Juvenile Bowed Tendons and Racing Prognosis

December 17, 2002

“Juvenile bowed tendons, or ‘baby bows,’ are not uncommon in yearlings and weanlings,” said Johanna Reimer, VMD, Dipl. ACVIM, Dipl. ACVC (cardiology), of the Rood and Riddle Equine Hospital in Lexington, Ky., at the 2002 American Association of... Read More


Exercise and Bone Development

December 01, 2002

Beneath the smooth surface of articular cartilage, subchondral bone gives structural support to joints. Normally, newborn foals have a lot of water in this layer, which is slowly replaced by calcium and collagen as the foal weights his joints.... Read More


Turnout Time for Warmblood Foals

December 01, 2001

I am being told by "professionals" that warmblood foals should be turned out a limited amount of time. The "professionals" were a farrier (who shoes Olympic-quality horses) and a respected veterinarian. Their reasoning is that warmblood babies grow... Read More


Training Young Horses

September 18, 2001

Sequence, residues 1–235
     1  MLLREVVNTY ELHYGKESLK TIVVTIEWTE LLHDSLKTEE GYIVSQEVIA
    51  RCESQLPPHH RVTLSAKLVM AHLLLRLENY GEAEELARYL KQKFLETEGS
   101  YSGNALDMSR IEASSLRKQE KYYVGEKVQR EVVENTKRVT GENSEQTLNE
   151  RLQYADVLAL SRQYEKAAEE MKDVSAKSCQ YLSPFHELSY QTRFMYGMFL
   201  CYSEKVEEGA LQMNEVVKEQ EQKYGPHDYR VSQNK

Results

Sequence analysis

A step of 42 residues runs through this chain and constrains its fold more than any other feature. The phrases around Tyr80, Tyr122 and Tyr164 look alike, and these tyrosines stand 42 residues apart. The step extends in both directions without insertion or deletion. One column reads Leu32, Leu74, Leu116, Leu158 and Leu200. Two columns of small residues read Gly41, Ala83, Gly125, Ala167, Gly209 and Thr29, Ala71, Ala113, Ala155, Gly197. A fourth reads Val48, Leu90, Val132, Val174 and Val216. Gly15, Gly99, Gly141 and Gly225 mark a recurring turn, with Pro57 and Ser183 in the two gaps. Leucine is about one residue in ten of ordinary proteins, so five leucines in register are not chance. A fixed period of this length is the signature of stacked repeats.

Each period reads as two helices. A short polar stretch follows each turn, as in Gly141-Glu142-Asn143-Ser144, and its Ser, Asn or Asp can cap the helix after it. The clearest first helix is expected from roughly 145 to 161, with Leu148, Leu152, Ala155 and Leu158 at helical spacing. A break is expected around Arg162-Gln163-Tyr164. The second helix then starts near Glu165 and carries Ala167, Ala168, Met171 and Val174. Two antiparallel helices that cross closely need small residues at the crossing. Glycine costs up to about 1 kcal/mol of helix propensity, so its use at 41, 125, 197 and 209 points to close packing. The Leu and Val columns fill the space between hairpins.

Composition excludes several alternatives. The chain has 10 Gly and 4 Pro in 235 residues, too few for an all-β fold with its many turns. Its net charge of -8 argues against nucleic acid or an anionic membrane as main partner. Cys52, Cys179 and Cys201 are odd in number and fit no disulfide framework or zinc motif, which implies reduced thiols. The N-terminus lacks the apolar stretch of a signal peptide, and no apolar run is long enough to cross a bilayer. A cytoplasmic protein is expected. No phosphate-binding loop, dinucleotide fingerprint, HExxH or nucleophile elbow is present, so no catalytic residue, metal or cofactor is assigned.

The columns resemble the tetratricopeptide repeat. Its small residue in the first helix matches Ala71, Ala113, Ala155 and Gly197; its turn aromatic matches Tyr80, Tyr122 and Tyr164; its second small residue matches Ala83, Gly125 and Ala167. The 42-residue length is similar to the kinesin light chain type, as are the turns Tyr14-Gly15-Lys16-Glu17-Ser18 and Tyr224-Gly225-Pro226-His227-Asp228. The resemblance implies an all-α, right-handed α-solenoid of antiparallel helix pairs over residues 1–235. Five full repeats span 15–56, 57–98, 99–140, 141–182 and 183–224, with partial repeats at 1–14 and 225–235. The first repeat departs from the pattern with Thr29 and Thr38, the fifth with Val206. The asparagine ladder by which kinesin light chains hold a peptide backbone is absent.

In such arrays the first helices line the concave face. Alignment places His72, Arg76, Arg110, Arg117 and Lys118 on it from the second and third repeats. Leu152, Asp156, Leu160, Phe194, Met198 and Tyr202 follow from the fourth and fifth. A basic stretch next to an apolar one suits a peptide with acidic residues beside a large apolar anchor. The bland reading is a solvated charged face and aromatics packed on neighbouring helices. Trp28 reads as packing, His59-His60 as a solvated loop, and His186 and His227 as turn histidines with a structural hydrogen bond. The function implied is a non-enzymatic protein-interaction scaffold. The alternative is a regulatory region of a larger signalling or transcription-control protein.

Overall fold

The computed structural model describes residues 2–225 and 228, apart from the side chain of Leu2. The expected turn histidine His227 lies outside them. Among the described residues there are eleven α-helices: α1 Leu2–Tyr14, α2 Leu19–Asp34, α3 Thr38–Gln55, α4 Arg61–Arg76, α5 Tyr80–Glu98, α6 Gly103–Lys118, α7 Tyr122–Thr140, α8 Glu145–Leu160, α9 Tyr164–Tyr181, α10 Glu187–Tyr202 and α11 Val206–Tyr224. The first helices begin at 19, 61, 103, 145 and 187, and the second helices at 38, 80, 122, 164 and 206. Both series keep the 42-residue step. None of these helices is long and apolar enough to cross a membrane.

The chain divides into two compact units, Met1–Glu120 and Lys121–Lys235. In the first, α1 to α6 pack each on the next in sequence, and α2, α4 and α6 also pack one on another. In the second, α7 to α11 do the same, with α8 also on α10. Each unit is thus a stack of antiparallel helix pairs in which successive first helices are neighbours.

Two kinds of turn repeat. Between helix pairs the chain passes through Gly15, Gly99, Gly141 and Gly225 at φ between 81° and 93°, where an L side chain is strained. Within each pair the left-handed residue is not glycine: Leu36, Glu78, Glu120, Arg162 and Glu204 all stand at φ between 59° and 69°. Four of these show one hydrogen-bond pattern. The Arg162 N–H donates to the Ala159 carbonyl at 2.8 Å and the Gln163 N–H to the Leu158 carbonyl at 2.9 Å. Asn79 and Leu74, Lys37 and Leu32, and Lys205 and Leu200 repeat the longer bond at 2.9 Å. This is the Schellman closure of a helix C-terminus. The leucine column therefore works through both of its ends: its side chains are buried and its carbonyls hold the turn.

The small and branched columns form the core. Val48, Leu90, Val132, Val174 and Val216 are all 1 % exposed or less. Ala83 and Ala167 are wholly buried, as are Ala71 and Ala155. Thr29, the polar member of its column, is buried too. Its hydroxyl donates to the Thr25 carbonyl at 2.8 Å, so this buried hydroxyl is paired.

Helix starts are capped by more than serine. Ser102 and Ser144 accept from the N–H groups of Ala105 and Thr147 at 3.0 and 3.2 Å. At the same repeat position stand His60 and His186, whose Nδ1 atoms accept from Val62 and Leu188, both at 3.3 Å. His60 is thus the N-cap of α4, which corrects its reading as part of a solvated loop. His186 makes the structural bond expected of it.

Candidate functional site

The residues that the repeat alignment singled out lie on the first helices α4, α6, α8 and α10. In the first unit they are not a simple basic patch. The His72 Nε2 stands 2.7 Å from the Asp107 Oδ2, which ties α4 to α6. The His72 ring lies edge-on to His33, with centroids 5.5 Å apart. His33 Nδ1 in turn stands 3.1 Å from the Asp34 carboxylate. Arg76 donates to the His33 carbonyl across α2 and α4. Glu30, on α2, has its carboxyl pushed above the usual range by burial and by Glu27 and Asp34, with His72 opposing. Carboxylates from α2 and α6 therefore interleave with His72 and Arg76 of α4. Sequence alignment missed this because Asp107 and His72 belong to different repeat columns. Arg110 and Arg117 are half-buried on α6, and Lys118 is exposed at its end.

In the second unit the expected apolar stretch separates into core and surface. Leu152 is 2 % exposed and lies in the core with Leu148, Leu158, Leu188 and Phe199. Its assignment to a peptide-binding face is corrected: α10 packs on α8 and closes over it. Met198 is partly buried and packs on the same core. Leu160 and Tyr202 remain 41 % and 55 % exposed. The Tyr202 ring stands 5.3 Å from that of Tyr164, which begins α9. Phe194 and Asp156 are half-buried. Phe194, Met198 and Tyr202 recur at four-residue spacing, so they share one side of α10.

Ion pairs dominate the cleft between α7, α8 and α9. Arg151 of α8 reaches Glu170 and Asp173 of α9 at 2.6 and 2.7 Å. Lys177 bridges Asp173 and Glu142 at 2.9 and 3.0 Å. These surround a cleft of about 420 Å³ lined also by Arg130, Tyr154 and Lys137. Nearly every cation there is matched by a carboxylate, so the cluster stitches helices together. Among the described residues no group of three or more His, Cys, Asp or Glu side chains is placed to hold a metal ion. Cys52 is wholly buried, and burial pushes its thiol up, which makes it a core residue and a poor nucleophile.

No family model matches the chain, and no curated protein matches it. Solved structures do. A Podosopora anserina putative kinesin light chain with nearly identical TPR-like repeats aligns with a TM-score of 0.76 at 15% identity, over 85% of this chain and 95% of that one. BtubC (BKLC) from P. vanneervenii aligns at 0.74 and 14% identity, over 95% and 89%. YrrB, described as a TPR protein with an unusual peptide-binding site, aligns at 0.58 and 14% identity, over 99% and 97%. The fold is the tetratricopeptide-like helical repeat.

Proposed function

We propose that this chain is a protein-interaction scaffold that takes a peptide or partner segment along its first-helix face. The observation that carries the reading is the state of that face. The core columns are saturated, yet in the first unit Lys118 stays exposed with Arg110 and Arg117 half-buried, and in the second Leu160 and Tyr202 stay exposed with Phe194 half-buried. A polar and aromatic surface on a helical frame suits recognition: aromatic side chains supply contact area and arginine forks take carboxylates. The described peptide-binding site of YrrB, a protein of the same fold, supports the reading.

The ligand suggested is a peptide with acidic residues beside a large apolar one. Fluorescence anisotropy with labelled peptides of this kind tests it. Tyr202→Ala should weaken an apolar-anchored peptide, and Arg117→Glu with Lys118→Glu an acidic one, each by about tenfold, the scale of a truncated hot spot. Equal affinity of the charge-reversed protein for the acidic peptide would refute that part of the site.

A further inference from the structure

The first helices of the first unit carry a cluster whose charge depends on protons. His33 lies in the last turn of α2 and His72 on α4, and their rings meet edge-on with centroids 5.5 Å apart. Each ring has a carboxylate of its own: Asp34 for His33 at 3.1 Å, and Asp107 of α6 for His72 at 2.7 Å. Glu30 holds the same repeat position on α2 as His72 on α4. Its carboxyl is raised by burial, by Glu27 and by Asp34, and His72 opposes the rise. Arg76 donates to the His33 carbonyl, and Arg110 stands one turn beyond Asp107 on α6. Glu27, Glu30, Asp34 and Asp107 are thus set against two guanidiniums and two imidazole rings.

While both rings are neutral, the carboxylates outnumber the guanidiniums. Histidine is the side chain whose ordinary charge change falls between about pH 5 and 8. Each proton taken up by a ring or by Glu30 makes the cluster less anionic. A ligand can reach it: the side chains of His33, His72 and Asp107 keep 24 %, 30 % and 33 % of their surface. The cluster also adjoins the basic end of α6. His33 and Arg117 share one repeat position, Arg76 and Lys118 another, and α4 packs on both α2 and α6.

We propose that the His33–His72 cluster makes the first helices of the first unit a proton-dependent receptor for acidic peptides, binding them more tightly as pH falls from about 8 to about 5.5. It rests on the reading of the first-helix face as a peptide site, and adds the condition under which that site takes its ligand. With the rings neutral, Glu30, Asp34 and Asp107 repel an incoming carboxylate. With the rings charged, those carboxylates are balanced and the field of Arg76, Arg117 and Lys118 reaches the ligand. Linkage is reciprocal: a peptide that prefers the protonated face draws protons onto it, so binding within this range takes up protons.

Dr. E.E. Watson was a veterinarian of some repute for many years in the Midwest during the middle decades of the 20th Century. He not only treated racehorses, but he bred them, owned them, and trained them. One year in the late 1950s, he had a... Read More


Young Foal Exercise

June 01, 2001

 When do I start my foal on an exercise program? My champion show jumper just gave birth to a foal a couple of weeks ago, and I want to give him every advantage possible since I have plans for him to be m... Read More


Sales Prepping Yearlings

May 01, 2001

As spring moves into summer, the primary focus of activity on many breeding farms is preparation of yearlings for sale. There isn't much scientific research on exercising horses at that young age, yet many farms are using forced exercise to make... Read More